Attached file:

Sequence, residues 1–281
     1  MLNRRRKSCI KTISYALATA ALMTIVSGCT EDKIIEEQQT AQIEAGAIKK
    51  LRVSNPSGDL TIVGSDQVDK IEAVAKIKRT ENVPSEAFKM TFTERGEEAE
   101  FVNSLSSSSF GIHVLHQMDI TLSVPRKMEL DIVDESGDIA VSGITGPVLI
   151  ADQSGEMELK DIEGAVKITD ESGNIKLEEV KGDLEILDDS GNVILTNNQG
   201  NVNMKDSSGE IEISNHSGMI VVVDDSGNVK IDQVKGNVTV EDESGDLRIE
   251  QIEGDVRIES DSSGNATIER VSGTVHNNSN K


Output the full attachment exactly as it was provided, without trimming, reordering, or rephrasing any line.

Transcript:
Sequence, residues 1–281
     1  MLNRRRKSCI KTISYALATA ALMTIVSGCT EDKIIEEQQT AQIEAGAIKK
    51  LRVSNPSGDL TIVGSDQVDK IEAVAKIKRT ENVPSEAFKM TFTERGEEAE
   101  FVNSLSSSSF GIHVLHQMDI TLSVPRKMEL DIVDESGDIA VSGITGPVLI
   151  ADQSGEMELK DIEGAVKITD ESGNIKLEEV KGDLEILDDS GNVILTNNQG
   201  NVNMKDSSGE IEISNHSGMI VVVDDSGNVK IDQVKGNVTV EDESGDLRIE
   251  QIEGDVRIES DSSGNATIER VSGTVHNNSN K